Stephen R. Barley is a Distinguished Professor Emeritus of Technology Management at the College of Engineering at the University of California Santa Barbara. He is also the Richard Weiland Emeritus Professor of Management Science and Engineering at Stanford University. Barley co-founded and co-directed the Center for Work, Technology and Organization at Stanford's School of Engineering from 1994-2015. He was editor of the Administrative Science Quarterly from 1993 to 1997 and the founding editor of the Stanford Social Innovation Review from 2002 to 2004. The Oxford University Press published his latest book, Work and Technological Change, in 2020.
Virginia Leavell is Assistant Professor in Organisational Theory and Information Systems at Cambridge Judge Business School, University of Cambridge. Before returning to academia to study technology, work and organisations, Virginia worked for more than a decade as a political organiser, educator, fundraiser, and consultant for non-profits and labour organizations in the US and Thailand. In her previous career she founded several organisations, including a popular education and retreat centre in rural Virginia and Washington DC-based political consultancy. Virginia studies the relationship between organisational anticipation and digital technologies. In her research she asks two questions: 1) How do organisations use digital technologies to predict and plan for the future? and 2) How do ideas and information about the future influence organisational structure and action in advance of technological change? She has explored these questions in the context of organizations that manage infrastructure, including in a 3-year ethnography with two water agencies.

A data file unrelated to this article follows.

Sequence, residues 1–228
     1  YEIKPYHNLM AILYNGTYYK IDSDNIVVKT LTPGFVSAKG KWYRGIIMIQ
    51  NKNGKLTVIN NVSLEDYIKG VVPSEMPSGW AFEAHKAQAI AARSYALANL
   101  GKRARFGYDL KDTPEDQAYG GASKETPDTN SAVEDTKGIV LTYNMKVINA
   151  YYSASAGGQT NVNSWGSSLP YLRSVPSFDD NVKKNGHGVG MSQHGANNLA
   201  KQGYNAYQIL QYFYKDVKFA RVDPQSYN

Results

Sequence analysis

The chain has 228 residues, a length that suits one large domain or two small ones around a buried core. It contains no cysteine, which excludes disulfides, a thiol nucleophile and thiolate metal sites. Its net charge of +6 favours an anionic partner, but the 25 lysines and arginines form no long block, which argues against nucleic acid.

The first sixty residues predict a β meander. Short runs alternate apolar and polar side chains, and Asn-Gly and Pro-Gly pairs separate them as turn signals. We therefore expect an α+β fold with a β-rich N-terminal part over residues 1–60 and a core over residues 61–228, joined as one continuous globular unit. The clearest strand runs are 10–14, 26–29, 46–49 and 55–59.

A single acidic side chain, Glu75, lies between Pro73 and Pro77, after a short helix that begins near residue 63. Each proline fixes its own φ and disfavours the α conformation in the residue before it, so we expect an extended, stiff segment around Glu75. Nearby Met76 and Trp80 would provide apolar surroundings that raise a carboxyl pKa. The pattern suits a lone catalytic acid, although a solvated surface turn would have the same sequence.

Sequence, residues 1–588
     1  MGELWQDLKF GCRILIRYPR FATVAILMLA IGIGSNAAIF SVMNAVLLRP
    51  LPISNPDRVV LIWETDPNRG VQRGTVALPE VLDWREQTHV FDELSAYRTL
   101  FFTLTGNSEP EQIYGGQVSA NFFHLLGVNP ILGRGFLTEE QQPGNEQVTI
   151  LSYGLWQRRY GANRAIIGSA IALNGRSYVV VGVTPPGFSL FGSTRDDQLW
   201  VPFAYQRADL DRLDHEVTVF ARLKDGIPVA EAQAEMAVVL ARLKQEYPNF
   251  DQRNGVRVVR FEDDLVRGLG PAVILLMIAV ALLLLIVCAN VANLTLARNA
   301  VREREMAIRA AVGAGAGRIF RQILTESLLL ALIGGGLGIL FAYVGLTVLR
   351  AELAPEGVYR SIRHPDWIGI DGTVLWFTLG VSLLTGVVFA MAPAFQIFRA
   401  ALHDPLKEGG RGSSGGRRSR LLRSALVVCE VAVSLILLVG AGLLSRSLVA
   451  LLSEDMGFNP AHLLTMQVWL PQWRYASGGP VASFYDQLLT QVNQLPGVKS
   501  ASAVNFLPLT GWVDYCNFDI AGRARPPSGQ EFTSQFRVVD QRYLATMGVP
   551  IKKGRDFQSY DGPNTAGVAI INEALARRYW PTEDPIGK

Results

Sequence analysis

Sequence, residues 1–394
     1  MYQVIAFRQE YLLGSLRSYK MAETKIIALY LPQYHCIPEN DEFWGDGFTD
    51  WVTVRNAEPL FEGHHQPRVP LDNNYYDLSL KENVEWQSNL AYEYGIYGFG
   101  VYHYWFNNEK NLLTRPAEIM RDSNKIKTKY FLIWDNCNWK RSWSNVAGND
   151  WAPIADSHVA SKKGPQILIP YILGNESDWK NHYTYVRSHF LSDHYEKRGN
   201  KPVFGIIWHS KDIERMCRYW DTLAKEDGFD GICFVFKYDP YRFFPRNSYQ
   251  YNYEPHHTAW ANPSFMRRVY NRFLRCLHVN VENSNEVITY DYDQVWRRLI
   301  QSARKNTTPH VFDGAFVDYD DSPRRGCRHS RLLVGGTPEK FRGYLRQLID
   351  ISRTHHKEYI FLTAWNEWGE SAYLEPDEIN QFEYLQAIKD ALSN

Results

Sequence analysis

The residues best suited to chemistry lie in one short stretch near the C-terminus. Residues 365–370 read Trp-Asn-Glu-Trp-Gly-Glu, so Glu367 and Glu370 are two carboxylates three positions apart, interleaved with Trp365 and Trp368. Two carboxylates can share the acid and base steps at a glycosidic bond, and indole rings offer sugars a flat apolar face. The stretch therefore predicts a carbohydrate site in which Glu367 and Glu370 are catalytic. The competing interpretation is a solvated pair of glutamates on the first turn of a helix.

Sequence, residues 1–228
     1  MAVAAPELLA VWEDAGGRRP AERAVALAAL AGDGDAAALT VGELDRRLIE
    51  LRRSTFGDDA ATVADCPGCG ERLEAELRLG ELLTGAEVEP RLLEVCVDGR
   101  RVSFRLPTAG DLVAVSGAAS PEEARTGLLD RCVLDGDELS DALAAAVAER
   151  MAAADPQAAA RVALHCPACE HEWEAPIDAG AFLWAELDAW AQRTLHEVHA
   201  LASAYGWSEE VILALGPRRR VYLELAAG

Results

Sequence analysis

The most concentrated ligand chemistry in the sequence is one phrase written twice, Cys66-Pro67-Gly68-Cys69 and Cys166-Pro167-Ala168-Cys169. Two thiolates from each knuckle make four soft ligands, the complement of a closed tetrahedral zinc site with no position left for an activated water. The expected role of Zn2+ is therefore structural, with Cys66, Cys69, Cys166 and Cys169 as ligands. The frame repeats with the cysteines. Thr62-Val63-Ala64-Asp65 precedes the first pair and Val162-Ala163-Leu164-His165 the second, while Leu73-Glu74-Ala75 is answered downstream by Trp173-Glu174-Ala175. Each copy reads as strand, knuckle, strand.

Mark de Rond is Professor of Organizational Ethnography at Cambridge Judge Business School, University of Cambridge. He is interested in how people experience the world and act in it, typically in (relatively) extreme contexts. His fieldwork has involved extended periods with doctors and nurses at war, Boat Race crews, a ragtag band rowing the Amazon, peace activists, and pedophile hunters. Join him and others at the Bohemian Writers Club (bohemianwritersclub.org).
ETHNOGRAPHIC CAFÉ SPECIAL PANEL
Moderator: Zachary Levenson, Assistant Professor of Sociology, University of North Carolina at Greensboro.
Levenson studies the politics of eviction in postapartheid South Africa. His work is based on a decade of fieldwork in land occupations and informal settlements in Cape Town, and his book Delivery as Dispossession was released in April 2022 on Oxford University Press.
Presenter: Gianpaolo Baiocchi, Professor of Individualized Studies and Sociology, New York University
Baiocchi is interested in questions of politics and culture, critical social theory, and cities. He has cultivated a distinctly political ethnography, which he has deployed in his fieldwork in Brazil, the US, and elsewhere. He is the author of numerous books, the most recent of which, co-authored with Jake Carlson, is Housing Is a Social Good, forthcoming from University of Chicago Press.
ETHNOGRAPHIC CAFÉ SPECIAL PANEL
Doing Digital Ethnography
April 8, 10 am PT / 1 pm ET
(co-hosted with Rutgers Digital Ethnography Working Group)
Beaulieu, A. 2010. “Research Note: From Co-Location to Co-Presence: Shifts in the Use of Ethnography for the Study of Knowledge.”Social Studies of Science 40 (3): 453–70. https://doi.org/10.1177/0306312709359219.